Uganda’s Security Minister Defends Phone Tapping Bill


Security minister Amama Mbabazi last week defended the phone tapping Bill, saying it was intended to fight terrorism. All countries, Mbabazi argued, were making similar laws in the interest of national security.

The draft law, called the Regulation of Interception of Communications Bill of 2007, provides for the interception and monitoring certain communication in the course of their transmission through telecommunication, postal or any related service or system, Mbabazi explained.

Addressing the information and communication technology committee, Mbabazi said the Bill would also help curb crime. "Instead of hunting criminals through the gun, information can be legally tapped to stop crime," he said.

Under the law, a communications monitoring centre would be established, Mbabazi stated. Although Mbabazi has tabled the Bill before the House for the first reading, it has not yet been debated. The proposed law has been criticised by human rights activists and some MPs. The latter said intercepting mail without the consent of the recipient was tantamount to an abuse of human rights.

Rtd. Maj. Magulumaali Mugumya (Independent) said the Government might misuse the law to unjustifiably detain persons who send or receive electronic mail, radio and mobile telephone messages or postal parcels. Mugumya compared the powers which the Bill grants to the security minister to those which Luwuliza Kirunda, the former Obote II internal affairs minister, used to arrest, detain and deny suspects bail.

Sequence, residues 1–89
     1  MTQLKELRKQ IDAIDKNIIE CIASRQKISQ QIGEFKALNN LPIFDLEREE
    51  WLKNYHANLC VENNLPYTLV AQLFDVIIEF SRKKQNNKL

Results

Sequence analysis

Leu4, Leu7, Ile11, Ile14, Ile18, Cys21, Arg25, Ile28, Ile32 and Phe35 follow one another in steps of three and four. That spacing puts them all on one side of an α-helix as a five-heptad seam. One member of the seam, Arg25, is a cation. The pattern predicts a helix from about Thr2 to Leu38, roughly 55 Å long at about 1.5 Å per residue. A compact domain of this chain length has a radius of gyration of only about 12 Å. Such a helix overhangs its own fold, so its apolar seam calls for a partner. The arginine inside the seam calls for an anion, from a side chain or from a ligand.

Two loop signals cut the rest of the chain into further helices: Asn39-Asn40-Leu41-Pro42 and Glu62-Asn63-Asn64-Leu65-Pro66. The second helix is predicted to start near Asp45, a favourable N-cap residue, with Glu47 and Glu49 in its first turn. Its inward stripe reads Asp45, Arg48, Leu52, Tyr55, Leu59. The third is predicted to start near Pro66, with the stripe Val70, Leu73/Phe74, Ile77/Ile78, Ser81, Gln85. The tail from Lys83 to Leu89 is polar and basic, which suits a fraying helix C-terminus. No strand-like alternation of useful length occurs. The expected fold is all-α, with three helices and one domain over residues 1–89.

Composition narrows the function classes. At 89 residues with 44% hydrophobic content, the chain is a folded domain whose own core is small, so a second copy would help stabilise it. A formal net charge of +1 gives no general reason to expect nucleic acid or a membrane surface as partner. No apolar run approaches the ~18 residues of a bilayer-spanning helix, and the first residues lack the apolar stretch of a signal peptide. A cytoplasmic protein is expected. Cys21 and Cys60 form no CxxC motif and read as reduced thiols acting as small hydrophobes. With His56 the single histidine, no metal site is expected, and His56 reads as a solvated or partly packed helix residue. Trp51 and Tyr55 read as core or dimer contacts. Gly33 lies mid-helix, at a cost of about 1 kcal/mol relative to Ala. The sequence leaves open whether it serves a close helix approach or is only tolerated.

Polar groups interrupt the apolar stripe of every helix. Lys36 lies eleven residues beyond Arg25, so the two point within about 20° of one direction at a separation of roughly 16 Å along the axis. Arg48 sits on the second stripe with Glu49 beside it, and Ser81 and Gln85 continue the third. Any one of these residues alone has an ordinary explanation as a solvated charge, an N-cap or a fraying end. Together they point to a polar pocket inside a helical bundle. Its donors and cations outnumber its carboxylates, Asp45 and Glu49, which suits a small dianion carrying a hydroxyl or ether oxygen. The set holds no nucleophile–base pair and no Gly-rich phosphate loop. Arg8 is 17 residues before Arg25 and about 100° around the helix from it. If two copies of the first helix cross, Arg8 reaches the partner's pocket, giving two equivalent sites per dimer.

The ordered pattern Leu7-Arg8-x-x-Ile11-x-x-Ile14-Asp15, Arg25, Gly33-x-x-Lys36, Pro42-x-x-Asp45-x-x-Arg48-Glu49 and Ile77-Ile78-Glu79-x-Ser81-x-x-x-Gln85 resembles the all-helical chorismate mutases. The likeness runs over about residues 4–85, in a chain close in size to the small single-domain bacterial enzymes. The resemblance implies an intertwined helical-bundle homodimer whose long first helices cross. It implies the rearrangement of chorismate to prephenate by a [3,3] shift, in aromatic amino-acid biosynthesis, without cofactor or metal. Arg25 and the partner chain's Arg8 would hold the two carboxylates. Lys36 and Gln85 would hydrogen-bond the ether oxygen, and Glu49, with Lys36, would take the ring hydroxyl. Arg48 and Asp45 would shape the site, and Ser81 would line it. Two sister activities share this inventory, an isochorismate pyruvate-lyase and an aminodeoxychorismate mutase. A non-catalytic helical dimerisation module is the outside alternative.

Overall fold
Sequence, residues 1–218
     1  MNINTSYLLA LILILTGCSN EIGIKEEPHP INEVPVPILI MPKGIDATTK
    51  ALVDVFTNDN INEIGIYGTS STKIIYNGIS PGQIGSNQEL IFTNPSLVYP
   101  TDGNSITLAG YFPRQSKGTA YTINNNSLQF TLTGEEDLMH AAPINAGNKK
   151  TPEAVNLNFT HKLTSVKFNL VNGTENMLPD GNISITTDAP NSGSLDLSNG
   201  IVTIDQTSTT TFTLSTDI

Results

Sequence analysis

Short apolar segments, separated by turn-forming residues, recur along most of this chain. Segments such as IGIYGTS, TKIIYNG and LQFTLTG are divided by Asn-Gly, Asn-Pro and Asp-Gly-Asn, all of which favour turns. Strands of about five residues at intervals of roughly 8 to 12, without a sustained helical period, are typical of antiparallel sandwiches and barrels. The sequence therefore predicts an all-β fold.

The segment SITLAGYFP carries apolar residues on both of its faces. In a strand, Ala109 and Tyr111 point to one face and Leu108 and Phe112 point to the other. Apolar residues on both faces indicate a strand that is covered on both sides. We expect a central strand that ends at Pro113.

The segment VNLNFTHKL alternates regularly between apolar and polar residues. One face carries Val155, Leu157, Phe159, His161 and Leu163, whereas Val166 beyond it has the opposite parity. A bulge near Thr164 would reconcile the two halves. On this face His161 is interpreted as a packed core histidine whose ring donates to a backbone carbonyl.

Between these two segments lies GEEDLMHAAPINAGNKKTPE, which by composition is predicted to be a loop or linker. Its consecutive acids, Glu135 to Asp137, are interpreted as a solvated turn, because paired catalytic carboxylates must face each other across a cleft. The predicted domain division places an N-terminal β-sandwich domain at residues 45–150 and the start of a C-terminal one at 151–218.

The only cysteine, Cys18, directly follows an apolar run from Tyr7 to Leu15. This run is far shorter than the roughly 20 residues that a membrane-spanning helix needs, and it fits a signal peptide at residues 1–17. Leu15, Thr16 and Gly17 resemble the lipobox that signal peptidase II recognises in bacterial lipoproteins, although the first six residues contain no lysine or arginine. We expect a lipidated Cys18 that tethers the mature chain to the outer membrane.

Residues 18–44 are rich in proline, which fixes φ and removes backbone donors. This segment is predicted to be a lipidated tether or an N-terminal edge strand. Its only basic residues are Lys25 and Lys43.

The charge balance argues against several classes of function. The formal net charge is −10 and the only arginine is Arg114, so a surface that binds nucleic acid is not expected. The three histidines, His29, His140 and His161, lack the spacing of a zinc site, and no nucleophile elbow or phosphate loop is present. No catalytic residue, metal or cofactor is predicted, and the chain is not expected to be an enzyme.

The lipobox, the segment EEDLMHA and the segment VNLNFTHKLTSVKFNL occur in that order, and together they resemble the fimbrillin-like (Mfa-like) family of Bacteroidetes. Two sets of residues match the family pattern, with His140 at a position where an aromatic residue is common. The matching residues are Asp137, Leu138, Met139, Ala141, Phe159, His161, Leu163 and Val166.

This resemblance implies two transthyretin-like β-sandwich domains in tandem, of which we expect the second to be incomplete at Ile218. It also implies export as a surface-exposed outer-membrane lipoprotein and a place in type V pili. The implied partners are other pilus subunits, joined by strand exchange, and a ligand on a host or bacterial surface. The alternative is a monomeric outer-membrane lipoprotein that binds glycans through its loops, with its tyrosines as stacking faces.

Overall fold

He argued that the sale of mobile phone numbers is not well regulated. Under such circumstances, he said, a malicious person can buy phone numbers, call somebody and abandon them yet the recipient may be monitored. He wanted to know how the Government would protect such people. "How will the Government trace the sender and how will it establish whether it was not maliciously sent to implicate innocent recipients?" he asked.

"Suppose in your postal mail box you find gun powder or bullets, how will the Government establish who sent them?" Mugumya went on. Mbabazi said the Government would detain suspected postal articles and examine them as evidence in the case of criminal prosecution.

As the questions increased, committee chairperson Edward Baliddawa stopped the debate, saying the minister had simply introduced the Bill. He said the committee would invite stakeholders to scrutinise and contribute to the Bill after which the minister would be called to explain issues.

The stakeholders include mobile phone service providers, security agencies like the Internal Security Organisation, External Security Organisation and ministries such as that for information and communication technology and defence.

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